Wherefore, Titus Annius may well make the same confession which Ahala made, which Nasica, which Opimius, which Marius, which we ourselves have made: and then, if the republic were grateful, he would rejoice; if ungrateful, then, though under the pressure of heavy misfortune, he would still be supported by his own conscience. But, O judges, the fortune of the Roman people, and your felicity, and the immortal gods, all think that they are entitled to your grateful or this service which has been thus done to you. Nor, indeed, can any one think otherwise except it be a man who thinks that there is no such thing at all as any divine power or authority—a man who is neither moved by the vastness of your empire, nor by that sun above us, nor by the motions of heaven and of the stars, nor by the vicissitudes and regular order of things, nor (and that is the greatest thing of all) by the wisdom of our ancestors; who both themselves cultivated with the most holy reverence the sacred rites and religions ceremonies and auspices, and also handed them down to us their posterity to be so cultivated by us.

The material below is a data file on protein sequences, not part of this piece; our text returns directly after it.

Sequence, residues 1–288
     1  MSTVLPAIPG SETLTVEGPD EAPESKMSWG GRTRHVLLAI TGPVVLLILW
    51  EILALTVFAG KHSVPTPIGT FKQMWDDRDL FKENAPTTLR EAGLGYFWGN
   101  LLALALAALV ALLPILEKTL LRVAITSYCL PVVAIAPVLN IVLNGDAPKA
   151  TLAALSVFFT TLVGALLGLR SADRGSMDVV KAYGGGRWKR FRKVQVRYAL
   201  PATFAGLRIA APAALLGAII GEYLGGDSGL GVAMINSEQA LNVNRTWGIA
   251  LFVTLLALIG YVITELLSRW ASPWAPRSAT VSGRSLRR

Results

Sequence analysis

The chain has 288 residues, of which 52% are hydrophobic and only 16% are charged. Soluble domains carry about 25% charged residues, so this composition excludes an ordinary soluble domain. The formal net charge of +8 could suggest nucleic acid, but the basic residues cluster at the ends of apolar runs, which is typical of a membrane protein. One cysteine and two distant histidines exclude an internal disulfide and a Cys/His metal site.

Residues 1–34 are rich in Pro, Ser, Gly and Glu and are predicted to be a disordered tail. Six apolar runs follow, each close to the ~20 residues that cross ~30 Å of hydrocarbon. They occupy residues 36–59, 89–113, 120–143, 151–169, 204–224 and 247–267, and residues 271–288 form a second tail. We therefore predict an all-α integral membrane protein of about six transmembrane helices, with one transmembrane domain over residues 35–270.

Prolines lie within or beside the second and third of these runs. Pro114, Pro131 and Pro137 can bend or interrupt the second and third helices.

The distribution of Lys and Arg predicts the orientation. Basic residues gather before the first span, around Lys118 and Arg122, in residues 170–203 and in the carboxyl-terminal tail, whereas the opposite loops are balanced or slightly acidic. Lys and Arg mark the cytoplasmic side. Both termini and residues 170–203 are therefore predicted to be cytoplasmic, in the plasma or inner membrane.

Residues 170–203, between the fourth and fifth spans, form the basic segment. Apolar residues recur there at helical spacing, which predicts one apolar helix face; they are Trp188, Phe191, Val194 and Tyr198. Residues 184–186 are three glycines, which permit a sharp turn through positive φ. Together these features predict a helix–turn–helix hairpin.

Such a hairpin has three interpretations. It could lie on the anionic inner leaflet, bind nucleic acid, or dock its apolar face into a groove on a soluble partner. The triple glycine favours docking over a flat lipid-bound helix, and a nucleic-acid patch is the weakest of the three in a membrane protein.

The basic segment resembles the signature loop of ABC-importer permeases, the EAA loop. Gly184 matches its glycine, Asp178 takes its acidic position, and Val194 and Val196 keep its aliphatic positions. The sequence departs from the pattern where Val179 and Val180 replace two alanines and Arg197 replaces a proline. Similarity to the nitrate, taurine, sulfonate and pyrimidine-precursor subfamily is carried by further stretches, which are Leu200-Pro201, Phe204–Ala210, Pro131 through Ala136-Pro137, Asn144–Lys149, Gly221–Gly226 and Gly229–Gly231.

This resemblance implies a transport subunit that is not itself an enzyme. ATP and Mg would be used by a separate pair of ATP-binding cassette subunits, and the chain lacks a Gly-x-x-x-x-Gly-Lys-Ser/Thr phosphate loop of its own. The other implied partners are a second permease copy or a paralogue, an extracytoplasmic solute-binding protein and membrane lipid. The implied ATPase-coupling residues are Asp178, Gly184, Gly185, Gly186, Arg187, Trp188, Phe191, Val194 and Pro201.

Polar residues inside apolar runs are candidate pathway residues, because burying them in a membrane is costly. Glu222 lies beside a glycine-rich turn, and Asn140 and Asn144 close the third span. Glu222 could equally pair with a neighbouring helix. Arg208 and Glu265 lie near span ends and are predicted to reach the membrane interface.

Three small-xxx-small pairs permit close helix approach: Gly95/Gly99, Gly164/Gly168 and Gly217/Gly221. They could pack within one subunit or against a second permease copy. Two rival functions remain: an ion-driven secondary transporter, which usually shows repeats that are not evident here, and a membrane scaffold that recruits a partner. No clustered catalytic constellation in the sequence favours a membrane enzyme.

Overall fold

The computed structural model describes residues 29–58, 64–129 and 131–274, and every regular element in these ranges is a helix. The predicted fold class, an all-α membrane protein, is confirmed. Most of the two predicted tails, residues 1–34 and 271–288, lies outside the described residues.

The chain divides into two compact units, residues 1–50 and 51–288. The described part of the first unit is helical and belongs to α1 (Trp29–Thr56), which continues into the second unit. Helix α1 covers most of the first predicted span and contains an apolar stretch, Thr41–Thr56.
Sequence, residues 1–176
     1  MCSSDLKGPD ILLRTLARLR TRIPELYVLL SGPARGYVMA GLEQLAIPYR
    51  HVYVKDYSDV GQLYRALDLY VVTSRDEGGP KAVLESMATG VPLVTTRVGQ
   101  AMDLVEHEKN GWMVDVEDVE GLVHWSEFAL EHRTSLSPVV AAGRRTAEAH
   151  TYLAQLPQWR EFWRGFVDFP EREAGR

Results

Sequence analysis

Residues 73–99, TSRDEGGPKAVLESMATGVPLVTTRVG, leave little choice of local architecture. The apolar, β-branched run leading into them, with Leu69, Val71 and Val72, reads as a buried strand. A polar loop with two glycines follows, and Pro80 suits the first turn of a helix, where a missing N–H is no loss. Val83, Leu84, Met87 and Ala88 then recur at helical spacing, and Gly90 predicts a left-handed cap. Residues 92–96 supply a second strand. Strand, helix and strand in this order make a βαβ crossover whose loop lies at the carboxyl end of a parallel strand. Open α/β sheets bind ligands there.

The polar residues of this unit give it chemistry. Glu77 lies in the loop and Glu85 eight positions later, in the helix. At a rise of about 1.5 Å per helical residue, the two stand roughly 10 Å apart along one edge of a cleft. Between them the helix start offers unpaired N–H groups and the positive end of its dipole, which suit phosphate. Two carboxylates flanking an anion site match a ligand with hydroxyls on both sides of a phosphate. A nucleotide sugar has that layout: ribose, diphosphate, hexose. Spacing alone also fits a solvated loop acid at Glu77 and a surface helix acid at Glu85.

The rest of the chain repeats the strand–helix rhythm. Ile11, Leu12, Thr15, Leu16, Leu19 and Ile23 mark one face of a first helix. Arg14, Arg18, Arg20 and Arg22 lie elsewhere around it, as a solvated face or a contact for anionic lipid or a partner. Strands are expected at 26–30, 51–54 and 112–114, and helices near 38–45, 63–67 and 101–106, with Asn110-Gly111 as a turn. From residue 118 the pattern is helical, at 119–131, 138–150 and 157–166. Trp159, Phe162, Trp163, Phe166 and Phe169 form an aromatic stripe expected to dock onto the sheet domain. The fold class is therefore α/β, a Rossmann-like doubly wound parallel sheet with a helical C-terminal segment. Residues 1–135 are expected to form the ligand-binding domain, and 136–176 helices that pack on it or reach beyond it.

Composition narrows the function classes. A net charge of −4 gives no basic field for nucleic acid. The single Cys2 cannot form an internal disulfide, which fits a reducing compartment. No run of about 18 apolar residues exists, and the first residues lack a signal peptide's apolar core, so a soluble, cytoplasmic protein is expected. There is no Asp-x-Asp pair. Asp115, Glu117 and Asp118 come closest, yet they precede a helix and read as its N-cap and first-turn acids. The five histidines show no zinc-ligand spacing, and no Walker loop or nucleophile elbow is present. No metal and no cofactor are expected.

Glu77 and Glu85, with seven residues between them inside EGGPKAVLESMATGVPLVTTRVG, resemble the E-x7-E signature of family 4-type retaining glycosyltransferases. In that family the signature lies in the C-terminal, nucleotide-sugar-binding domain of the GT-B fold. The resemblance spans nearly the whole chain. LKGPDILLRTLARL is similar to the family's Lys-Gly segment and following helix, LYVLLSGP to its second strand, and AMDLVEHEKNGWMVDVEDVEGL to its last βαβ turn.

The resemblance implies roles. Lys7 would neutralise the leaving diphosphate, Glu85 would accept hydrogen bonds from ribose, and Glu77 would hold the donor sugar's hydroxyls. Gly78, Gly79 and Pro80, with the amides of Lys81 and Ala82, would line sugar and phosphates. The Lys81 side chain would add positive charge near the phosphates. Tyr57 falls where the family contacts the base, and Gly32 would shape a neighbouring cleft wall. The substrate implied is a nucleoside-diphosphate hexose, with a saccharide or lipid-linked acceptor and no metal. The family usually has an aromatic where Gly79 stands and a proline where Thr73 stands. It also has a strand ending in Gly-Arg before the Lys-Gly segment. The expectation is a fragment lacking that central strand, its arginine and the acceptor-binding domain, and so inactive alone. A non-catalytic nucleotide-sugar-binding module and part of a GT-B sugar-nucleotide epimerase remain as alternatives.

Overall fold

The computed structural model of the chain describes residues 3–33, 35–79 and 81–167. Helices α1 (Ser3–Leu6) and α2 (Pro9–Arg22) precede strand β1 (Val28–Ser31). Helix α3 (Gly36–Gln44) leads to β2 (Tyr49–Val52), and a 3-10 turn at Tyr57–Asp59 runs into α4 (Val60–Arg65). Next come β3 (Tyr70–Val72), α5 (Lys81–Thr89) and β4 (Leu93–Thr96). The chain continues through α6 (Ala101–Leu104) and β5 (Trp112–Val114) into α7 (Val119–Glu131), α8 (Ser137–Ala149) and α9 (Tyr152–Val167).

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THE SPEECH OF M. T. CICERO AGAINST PUBLIUS VATINIUS; CALLED ALSO, THE EXAMINATION OF PUBLIUS VATINIUS.
THE SPEECH OF M. T. CICERO IN DEFENCE OF TITUS ANNIUS MILO.
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